In praise of my friend Frosty – the man who got Brexit done, by Oliver Lewis
We at BfB greatly regret the resignation of David Frost and thought readers might like to see this appreciation of his role in securing a Brexit deal, written by one of his close colleagues in the Brexit negotiations, Deputy Chief Negotiator, Oliver Lewis.
‘I was unsure: could we trust a former career mandarin? How could this diplomatic corps smoothie be the person we were looking for? But it became clear very quickly that this was someone with serious intellectual heft – someone who had spent years thinking about, and advancing the Eurosceptic cause.’
Trade War or Jaw-Jaw?
Can the EU begin a trade war over Article 16 while respecting the treaties and the rule of law?
Much has been made of EU threats to suspend parts of the Trade and Co-operation Agreement (TCA) if the UK triggers Article 16 of the Northern Ireland Protocol. One could argue that informal cross-retaliation has already begun, as Brussels has refused to grant Equivalent status for the City and excluded the UK from Horizon Europe. But what, under the treaties, can the EU actually do?
In cases of generic breaches of the Withdrawal Agreement (WA) or the Trade and Co-operation Agreement, both treaties provide that the injured party may (proportionately) suspend certain of its obligations in the other treaty, though not until after a lengthy arbitration process rules in the injured party’s favour (see TCA INST 24.4). However, the Northern Ireland Protocol (NIP) is governed by its own set of dispute resolution procedures, even though it is in form an annex to the Withdrawal Agreement.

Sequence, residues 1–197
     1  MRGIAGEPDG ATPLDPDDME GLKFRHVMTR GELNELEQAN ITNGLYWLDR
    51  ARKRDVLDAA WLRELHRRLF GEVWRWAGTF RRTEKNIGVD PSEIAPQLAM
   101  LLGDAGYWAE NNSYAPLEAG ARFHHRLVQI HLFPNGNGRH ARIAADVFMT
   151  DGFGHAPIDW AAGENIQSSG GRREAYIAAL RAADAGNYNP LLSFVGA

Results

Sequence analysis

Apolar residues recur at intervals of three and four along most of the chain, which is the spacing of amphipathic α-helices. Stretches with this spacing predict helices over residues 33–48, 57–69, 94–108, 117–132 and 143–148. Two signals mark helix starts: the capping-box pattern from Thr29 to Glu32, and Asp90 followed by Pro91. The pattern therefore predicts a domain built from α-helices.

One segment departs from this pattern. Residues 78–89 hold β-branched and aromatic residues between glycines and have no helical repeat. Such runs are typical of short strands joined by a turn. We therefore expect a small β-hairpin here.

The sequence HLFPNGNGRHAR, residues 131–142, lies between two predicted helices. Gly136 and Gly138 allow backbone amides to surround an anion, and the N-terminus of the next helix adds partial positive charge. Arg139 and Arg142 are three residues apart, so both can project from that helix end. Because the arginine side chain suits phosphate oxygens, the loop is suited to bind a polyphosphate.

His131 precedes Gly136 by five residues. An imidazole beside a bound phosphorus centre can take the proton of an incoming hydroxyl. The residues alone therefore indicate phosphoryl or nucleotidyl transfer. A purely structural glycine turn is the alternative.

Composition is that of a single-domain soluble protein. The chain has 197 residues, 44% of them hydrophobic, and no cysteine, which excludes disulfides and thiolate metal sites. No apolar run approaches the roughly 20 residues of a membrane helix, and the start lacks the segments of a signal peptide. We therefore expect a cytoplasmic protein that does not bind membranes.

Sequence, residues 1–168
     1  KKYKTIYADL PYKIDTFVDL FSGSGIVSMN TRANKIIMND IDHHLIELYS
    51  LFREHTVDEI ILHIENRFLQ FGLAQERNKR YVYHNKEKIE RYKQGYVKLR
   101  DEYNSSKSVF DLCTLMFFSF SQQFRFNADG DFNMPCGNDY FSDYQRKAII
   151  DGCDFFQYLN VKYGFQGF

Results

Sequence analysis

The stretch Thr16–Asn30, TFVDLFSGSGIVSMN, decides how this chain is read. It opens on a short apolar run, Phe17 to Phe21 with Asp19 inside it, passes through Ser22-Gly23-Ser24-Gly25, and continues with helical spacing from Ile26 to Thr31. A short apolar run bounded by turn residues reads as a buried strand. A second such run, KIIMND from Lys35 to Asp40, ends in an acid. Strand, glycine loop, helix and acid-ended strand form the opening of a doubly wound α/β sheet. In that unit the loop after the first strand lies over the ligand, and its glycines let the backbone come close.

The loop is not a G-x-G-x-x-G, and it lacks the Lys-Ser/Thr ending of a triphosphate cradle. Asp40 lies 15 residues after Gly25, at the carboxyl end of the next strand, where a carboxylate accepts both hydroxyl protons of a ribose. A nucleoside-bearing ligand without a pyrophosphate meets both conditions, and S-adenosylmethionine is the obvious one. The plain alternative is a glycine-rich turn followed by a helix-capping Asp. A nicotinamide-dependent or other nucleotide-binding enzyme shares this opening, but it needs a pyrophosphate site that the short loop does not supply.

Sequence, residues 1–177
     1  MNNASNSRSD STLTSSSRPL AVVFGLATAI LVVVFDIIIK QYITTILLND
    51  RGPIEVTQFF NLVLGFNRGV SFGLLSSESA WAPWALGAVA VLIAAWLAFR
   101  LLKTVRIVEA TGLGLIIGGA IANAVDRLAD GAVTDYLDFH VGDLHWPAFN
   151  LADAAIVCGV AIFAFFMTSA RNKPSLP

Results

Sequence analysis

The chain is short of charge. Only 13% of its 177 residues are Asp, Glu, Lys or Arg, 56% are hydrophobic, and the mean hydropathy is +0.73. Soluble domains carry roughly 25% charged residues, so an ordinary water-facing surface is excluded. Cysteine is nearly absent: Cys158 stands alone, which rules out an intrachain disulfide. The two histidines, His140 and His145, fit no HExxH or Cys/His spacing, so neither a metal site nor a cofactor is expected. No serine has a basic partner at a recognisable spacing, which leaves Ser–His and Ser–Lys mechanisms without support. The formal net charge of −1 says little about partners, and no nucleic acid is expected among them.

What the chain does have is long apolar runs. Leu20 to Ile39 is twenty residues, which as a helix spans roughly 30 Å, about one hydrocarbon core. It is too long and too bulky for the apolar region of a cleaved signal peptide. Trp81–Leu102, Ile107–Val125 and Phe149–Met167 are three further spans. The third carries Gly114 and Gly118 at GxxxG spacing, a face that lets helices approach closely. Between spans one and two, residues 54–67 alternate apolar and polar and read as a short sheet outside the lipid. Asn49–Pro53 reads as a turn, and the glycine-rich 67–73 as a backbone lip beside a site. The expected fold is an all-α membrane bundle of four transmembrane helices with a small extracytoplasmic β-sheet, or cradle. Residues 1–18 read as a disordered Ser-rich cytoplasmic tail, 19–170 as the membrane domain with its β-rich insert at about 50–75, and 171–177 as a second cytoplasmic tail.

When Article 16 of the NIP is invoked, the invoking party may put in place safeguarding measures which remedy trade diversion or internal unrest. Under the NIP, Article 16(2) provides that the respondent party may take ‘rebalancing measures’ in response to the invoking party’s safeguarding measures. This is only if the safeguarding measures ‘[create] an imbalance between the rights and obligations under this Protocol’. The rebalancing measures must be ‘strictly necessary to remedy the imbalance’.
Here the EU may find itself with a problem. The UK has not said what its Article 16 measures would be, though they may reflect the programme of the Command Paper of July 2021. Measures would likely include waivers on customs declarations for a variety of goods going from Great Britain to Northern Ireland.
The EU will have difficulty proving to an arbitration panel that retaliation in unrelated areas covered by the TCA – such as imposing onerous checks and tariffs on cross-Channel goods or suspending data co-operation and financial services access – actually remedies an imbalance.
By contrast, the UK will have a strong argument that the Article 16 rebalancing measures are not supposed to be punitive in nature, but are instead ways of practically remedying any hypothetical danger to the Single Market from penetration by UK goods not meeting its standards (for instance).